Saturday, September 6, 2008

Pelosi's Bishop Responds to Her Obstinate Heresy

Archbishop George H. Niederauer of San Francisco has come out with a response to Pelosi's continued jackassery re: the Church's teaching on abortion. He issued a statement in his diocesan newspaper about it. There's a lot of good points there.

Speaker Pelosi’s remarks called forth many responses, from Catholics in the pews as well as from bishops. As a result, on Tuesday, August 26th, two days after "Meet the Press" had aired, the Speaker’s office issued a statement on her behalf. It contained this sentence: "While Catholic teaching is clear that life begins at conception, many Catholics do not ascribe[sic] to that view." That statement suggests that morality can be decided by poll, by numbers. If ninety percent of Catholics subscribe to the view that human life begins at conception, does that makes Church teaching truer than if only seventy percent or fifty percent agree?

All you sensus fidelium folk (like you, McBrien), take note of His Excellency's words here.

After a bit of reflection on the USCCB document about political life and denial of the Eucharist, he finally starts getting to the meat and potatoes:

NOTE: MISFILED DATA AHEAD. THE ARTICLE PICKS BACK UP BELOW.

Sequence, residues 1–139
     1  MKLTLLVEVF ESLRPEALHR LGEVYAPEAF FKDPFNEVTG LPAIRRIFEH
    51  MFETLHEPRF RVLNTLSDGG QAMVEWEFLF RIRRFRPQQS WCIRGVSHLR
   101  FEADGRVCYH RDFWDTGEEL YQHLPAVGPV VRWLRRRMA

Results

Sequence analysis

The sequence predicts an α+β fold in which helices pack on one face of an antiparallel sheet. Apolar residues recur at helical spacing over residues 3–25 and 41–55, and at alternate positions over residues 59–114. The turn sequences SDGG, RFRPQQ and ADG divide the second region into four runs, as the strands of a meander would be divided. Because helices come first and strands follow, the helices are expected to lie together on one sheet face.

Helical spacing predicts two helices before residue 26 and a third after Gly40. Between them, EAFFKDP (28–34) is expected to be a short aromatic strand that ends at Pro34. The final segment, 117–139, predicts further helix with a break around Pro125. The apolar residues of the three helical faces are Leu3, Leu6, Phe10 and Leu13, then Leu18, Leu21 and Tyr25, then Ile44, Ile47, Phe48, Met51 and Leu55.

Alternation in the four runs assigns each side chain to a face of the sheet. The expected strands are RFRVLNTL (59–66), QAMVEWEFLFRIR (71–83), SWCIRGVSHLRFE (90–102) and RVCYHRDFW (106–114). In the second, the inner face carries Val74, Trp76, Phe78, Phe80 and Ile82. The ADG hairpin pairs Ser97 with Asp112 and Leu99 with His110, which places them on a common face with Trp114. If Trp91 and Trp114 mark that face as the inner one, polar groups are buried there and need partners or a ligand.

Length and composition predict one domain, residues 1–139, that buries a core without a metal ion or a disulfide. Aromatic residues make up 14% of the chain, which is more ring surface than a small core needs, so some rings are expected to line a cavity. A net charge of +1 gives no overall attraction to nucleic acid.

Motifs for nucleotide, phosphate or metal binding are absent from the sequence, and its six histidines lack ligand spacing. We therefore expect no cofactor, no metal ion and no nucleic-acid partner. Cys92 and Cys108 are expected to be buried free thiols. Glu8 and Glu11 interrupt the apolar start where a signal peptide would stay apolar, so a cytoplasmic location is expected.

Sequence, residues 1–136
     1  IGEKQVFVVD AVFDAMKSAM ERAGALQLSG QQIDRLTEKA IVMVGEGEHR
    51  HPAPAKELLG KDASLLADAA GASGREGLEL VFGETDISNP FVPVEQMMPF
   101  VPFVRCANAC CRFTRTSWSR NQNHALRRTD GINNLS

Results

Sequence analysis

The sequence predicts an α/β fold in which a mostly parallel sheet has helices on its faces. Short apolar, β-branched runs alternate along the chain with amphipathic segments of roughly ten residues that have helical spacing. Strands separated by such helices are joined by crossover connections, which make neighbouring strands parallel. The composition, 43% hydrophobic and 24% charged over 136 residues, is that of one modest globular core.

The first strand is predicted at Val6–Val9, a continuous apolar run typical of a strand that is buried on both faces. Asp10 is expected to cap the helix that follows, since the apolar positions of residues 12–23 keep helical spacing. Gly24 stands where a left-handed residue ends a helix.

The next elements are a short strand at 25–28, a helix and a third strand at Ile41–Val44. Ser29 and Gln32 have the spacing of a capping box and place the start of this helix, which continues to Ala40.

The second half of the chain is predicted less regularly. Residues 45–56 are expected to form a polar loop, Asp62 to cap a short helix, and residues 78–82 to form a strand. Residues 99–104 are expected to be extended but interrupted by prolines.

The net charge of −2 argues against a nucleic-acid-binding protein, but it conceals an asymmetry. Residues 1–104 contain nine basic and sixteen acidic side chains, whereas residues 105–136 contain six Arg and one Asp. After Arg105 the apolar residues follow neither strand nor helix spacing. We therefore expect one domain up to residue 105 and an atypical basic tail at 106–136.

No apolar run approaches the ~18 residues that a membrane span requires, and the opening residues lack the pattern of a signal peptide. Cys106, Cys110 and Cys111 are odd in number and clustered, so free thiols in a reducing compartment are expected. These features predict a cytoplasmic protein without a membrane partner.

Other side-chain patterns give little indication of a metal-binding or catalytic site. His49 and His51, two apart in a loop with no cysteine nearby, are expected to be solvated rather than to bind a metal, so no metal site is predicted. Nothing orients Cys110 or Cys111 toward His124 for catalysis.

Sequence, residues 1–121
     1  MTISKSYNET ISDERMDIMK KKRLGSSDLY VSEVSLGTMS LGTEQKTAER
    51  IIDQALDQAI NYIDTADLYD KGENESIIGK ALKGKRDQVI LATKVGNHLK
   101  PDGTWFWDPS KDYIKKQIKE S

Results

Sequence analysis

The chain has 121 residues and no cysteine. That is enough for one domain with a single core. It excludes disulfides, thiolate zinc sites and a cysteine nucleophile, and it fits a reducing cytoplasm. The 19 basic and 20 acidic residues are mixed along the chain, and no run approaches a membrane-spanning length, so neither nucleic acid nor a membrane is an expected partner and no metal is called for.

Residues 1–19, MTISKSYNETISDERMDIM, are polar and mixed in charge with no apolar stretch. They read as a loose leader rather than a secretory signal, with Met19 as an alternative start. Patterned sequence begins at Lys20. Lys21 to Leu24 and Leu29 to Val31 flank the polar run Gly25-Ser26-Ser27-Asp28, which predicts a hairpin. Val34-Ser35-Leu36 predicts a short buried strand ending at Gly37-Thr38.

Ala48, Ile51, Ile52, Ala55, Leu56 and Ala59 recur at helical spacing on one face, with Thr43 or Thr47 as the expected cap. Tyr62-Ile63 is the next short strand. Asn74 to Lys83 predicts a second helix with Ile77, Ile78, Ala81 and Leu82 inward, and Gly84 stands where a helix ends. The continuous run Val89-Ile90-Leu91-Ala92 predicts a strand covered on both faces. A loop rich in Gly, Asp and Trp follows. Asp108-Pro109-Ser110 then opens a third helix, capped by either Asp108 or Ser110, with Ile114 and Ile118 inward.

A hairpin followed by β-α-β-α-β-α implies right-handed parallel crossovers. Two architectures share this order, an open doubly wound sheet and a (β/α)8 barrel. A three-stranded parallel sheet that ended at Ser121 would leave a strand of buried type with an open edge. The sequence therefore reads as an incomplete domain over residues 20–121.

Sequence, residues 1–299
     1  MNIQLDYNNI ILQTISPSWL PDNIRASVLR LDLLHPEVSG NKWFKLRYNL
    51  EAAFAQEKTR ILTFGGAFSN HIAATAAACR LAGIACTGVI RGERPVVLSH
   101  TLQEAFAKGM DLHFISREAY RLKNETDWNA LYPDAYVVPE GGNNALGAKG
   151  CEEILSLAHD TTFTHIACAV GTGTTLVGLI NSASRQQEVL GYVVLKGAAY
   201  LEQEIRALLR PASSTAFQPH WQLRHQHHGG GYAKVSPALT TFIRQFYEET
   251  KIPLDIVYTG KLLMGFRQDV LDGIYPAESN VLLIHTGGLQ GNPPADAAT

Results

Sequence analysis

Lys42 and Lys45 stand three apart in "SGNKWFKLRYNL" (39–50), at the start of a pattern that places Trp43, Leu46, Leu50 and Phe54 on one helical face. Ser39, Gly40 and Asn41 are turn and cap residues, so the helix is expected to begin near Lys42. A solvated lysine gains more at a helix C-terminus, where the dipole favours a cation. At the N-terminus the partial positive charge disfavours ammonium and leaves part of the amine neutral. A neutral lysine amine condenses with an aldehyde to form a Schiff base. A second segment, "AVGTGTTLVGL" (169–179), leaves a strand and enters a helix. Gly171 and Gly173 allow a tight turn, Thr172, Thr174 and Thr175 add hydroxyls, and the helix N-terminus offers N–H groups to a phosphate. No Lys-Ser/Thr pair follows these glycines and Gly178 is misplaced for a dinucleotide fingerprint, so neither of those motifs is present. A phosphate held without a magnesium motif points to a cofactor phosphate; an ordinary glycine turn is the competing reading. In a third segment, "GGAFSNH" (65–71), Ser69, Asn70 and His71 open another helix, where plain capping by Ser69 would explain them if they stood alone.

Nevertheless, the bishops go on to say: "If a Catholic in his or her personal or professional life were knowingly and obstinately to reject the defined doctrines of the Church, or knowingly and obstinately repudiate her definitive teachings on moral issues, however, he or she would seriously diminish his or her communion with the Church. Reception of Holy Communion in such a situation would not accord with the nature of the Eucharistic celebration, so that he or she should refrain." Why is this repudiation of Church teaching such a serious matter? The bishops respond: "To give selective assent to the teachings of the Church deprives us of her life-giving message, but also seriously endangers our communion with her."

Not to mention that the soul in question would be compounding their sin by partaking.